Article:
fast loading at 120 head per load. Some Clatsop livestock
is also marketed directly through farm and custom slaughter and through the one meat packing plant.
Although the "cow-calf" operation is the major beef
enterprise, there is some opportunity for wintering weaner
calves and selling them the following fall as long-yearling
feeders and occasionally as slaughter animals. Economical
In 1967 face flies were a problem on cattle for the
first time, but they already have become a pest requiring
general fly control and sanitation. The use of a back and
face-rubbing device where cattle can treat themselves is
utilization of spring and summer grass growth is also
possible, sometimes, by buying cattle in the spring and
selling them in the fall. The success of this enterprise depends largely on the cost of animals being less per pound
than the selling price.
also recommended.
Disease difficulties are varied,
and though great
strides have been made in control of brucellosis and tuberculosis, other diseases now add to the losses sustained by
Because Clatsop is a certified brucellosis-free county,
cattle are being tested indirectly only through blood
samples at slaughtering plants and ring tests for dairy
animals. Both of these methods pick up suspect herds indirectly, and then herd tests for bangs disease are made
by state or county veterinarians. Some calves are vaccinated
Sheep and Wool
Sheep numbers in Clatsop have declined in recent
years to slightly over 550 head. This compares to over
1,300 in 1950. Sheep production is profitable where labor
requirements can be met for lambing, shearing, foot care,
fencing, feeding, pest control, and other practices necessary for good sheep management. Sheep, especially farm
flocks, continue to be a good supplement to other livestock
or crop operations. However, labor requirements, fluctuating Iamb prices, the recently poor wool market, and the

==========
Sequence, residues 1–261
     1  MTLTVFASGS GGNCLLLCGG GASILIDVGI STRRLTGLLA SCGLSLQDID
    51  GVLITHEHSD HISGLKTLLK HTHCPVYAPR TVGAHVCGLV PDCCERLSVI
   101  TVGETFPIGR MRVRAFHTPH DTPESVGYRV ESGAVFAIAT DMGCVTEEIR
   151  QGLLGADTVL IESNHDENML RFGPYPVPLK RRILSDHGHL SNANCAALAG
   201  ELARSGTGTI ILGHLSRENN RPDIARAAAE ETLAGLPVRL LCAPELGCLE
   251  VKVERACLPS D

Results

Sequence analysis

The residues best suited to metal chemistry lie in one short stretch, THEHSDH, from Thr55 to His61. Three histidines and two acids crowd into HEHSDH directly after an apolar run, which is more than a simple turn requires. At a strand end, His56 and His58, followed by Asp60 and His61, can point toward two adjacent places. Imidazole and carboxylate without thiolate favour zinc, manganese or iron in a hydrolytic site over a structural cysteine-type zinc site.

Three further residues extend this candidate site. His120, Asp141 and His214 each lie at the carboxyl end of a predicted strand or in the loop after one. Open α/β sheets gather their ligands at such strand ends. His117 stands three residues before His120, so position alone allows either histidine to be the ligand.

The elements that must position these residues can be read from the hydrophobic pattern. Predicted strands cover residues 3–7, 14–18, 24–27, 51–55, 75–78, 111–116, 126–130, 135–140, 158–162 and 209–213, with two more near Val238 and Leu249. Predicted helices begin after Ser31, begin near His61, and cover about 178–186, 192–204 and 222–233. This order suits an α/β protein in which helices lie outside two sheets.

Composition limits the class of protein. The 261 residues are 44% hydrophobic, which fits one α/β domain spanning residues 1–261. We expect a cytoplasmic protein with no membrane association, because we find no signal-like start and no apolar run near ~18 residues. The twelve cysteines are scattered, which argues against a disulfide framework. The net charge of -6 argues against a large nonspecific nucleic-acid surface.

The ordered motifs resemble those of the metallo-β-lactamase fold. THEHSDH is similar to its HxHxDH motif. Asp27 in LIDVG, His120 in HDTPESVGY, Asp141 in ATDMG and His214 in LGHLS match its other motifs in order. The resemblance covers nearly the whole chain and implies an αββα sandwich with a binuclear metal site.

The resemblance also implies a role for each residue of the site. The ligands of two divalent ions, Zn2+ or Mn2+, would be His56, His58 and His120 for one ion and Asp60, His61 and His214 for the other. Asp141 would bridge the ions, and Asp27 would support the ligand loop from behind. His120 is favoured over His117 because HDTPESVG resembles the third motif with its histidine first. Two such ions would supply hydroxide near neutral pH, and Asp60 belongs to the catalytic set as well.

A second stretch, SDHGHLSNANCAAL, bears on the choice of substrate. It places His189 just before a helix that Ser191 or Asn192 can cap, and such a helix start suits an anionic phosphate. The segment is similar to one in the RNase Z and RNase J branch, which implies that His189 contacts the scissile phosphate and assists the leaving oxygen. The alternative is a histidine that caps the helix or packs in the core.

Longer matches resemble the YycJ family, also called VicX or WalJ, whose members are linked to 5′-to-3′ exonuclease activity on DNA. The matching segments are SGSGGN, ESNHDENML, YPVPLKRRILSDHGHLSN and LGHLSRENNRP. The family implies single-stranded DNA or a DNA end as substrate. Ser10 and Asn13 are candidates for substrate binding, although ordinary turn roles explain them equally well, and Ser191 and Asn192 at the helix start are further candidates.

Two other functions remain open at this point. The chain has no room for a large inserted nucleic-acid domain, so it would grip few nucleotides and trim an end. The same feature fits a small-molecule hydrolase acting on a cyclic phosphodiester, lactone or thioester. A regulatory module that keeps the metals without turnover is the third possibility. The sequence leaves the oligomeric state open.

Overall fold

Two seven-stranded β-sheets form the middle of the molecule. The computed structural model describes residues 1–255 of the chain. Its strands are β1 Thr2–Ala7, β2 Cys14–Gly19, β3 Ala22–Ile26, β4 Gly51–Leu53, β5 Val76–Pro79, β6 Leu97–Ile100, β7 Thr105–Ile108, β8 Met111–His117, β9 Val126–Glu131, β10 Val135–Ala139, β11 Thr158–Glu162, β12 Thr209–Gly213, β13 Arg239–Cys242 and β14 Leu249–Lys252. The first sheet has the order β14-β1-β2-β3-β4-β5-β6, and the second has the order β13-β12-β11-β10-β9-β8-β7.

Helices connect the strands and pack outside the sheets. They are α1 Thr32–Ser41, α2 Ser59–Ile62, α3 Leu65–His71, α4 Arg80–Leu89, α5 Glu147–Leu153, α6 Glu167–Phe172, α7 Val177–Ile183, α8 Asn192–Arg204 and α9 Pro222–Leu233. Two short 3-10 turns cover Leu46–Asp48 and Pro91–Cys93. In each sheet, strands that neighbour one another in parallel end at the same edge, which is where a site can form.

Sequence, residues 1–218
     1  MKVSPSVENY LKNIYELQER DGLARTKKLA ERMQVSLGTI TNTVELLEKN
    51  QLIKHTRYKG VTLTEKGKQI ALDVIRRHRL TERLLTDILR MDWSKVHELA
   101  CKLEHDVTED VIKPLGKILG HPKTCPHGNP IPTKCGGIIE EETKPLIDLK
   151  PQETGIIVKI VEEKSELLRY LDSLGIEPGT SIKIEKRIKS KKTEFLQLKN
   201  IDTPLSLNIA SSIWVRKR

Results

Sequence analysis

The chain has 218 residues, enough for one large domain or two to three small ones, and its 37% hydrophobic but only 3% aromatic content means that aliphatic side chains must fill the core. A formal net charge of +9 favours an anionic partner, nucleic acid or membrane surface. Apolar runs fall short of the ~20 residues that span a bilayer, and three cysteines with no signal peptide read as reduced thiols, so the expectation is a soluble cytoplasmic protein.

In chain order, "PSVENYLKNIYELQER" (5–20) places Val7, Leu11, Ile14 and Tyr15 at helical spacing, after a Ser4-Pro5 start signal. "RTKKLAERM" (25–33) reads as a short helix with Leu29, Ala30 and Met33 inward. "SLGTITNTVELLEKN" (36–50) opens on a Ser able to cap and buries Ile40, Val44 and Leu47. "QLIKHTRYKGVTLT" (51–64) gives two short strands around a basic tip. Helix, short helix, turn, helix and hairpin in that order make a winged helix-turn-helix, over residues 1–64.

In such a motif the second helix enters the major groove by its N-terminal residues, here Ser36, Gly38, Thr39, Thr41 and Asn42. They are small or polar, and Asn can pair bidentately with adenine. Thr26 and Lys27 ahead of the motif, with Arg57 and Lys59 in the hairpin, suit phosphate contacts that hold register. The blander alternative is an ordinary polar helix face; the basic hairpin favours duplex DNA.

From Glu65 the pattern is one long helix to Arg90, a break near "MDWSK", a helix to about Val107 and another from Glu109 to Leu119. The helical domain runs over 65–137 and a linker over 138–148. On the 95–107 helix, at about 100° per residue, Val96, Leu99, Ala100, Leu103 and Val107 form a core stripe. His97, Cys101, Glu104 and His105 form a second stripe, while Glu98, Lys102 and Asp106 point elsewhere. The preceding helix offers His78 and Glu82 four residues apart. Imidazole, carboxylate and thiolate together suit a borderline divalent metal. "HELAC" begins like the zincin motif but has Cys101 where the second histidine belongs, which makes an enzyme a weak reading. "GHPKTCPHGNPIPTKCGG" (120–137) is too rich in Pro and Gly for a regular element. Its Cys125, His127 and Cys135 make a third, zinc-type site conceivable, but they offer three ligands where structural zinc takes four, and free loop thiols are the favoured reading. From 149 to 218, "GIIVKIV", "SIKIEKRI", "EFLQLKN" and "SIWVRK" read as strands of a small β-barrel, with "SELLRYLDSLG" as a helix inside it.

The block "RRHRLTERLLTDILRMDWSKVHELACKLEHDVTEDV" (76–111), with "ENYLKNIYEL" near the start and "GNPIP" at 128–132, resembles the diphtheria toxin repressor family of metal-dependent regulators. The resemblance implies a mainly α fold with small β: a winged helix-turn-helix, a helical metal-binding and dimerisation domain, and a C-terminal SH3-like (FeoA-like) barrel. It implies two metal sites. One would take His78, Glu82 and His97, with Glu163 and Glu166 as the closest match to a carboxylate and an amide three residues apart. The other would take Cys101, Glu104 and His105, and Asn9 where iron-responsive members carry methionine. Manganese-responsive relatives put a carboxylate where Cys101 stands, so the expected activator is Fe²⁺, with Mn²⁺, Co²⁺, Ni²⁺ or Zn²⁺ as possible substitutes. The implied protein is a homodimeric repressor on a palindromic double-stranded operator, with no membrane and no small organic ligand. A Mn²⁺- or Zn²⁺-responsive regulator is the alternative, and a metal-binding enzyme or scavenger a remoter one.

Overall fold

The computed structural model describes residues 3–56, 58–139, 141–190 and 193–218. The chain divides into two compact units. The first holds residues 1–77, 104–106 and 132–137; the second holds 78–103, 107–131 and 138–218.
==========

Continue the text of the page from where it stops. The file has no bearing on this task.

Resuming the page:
added annoyance of loss to coyotes, dogs, and bears probably account for present low numbers. Sheep continue to
be a good 4-H project, however, and are on many farms
for this purpose.
Sheep breeds used include mainly Romney ewes and
Hampshire or Suffolk rams. This takes advantage of the
Romney's ability to withstand coastal weather conditions,
and crossing them with rams which produce more meaty
Hog Production
One or two fairly small commercial hog operations
have been successful the past several years by using waste
foods from restaurants. Other producers dependent on
commercial feeds for raising pigs to market size succeed
during brief periods of high pork prices and produce
less during times of unfavorable prices. Weaner pigs to
supply local demand are usually purchased outside of the
county but may also be available locally.
at the expense of the rancher, but only if requested, as in
the case of beef and dairy producers who send cattle into
Since several major cattle diseases are related to nutrition, increased emphasis is being placed on disease prevention through adequate feeding.
Milk fever in dairy cattle and grass tetany in beef
cattle are examples of diseases often related to poor nutrition. If symptoms are detected soon enough, shots
of calcium magnesium sulfate can be given. Breeding
difficulties are also often associated with malnutrition.
Scours among calves and shipping fever in cattle under
stress are other diseases. Most scours can be controlled with
improved calving conditions, and shots for shipping fever
are a frequent practice, which should become more conimon.
The appearance of black leg in animals under two
years, although not great, is scattered over much of this
county. Loss to this disease is characterized by the short
time in which animals stop feeding and die. Malignant
edema, related to black leg and troublesome to all ages,
has also been diagnosed in several instances. Control in
both cases is by inexpensive vaccine available to those
whose heids have been exposed.
Foot rot of sheep and cattle adds further to the problem of production increases. Sheep foot rot must be treat-
ed by trimming the feet, rotating the pasture, and providing disinfectant and foot baths. Cattle foot rot, a different organism, is more easily treated by adding organic iodine to the grain ration, and diligent foot trimming.
Livestock Production Problems
Herd. Improvement
The need to produce more units at less cost is constantly before livestock producers. Prices are based on na-
tional and to some extent on international supply and
demand. Local producers therefore depend mostly on increased cattle numbers, improvements in facilities ,and ani-
The use of artificial breeding of beef cows is available but very difficult to put into practice. OSU research
indicates that the time may come when most of the cows
in a herd can be brought into a nearly common heat period for breeding.